Friday, March 30, 2007

Why not to be Nice

Sometimes, being nice is exactly the wrong thing to do.

The other morning on the way to work, I was driving down a four-lane city street. Traffic was moving along nicely, and I was almost to work. Up ahead I noticed a city crew with amber lights flashing, blocking the right-hand lane about a half block from my upcoming right turn. (It was vital that they clean out the storm drain while it was dry ... at rush hour).

I slowed to let the left lane traffic get past me, signalled, checked behind and merged left. The cars who had been behind me in the right-hand lane continued on, even accelerating. Apparently, they thought they'd get there faster that way (wherever their "there" was). That's when people started being nice, and resulting in a traffic jam.

See, instead of those in the open lane simply driving forward through the green light ahead of them, they decided to take turns. Each would let a car from the closed lane, those who had failed to take their chance to merge properly, now merge ahead of them before going ahead themselves. This of course meant that neither lane moved, and soon enough the light turned red. So we all sat there.

I've noticed this ill-considered niceness during Interstate construction season, as well. Workers close a lane to patch a pothole, placing "Reduced Speed Limit" and "Merge Left" signs miles uproad to warn the unsuspecting motorist that disaster will befall him in the form of a jail term if he fails to heed the warning and change lanes. So of course a line of SUVs forms in the right lane, at the last point before the closure, inching into the left lane. Sometimes they even have their turn signal blinking helpfully, but usually they attempt to use vehicular body English.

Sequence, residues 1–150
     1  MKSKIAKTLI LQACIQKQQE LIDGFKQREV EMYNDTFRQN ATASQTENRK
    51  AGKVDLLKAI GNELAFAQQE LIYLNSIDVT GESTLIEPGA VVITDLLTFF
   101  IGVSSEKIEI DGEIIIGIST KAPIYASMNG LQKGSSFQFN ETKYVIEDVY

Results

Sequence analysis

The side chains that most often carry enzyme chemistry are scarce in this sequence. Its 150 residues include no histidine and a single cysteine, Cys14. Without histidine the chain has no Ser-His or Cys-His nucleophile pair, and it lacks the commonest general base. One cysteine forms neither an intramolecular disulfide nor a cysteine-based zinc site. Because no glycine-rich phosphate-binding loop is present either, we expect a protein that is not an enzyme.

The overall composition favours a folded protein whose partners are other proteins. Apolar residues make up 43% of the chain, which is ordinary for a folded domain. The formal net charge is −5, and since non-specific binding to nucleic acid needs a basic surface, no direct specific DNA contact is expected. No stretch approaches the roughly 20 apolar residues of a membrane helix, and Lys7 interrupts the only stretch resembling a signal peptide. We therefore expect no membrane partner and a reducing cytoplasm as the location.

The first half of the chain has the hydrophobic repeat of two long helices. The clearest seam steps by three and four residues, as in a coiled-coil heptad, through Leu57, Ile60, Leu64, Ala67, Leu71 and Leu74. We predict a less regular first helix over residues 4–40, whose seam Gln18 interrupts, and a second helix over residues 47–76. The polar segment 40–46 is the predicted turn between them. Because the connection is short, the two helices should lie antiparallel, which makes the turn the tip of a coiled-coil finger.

If everyone merged to the open lane at their earliest chance, things would go a lot smoother. But they don't.
If everyone in the open lane drove along something near the speed limit, those abusers in the closing lane would soon find an open spot into which to merge. But they don't, Instead, some people try to be Nice and "fair", allowing the abusers to merge. To be nice to that abuser, though, they have to delay their own lane, so both lanes are delayed.

Furthermore, allowing people to merge at the last minute encourages them to do just that. The result is that no one moves.

My solution on the highway is to drive astraddle the two lanes. That's right, I drive right down the center of the road, just close enough to the next car ahead in the open lane to keep people from passing me, but grabbing enough of the closed lane to force would-be abusers to pass on the shoulder. A few get past, and I don't sweat it. Most of the time a truck driver or two figure out what I'm doing and get behind me. Pretty soon, since the abusers are kept out of the closed lane, the traffic jam is gone.

Yes, I know it's illegal to straddle the lanes. It ought to be illegal to be Nice.

Ask yourself this: if everyone did what I do, which is not to allow others to pass me, what would be the typical result? But when everyone does what they usually do, which is to try to get to the front as soon as possible and then take turns using the single open lane, you know the result: a parking lot.

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1 comment:

FrauBudgie said...

WEll said, Socrates!!!

My husband and I have decided that the endless roadwork around here is to provide training for apprentice construction workers!!!

Takes them YEARS to re build a road that was perfectly good to begin with. Our tax dollars at work, I guess.

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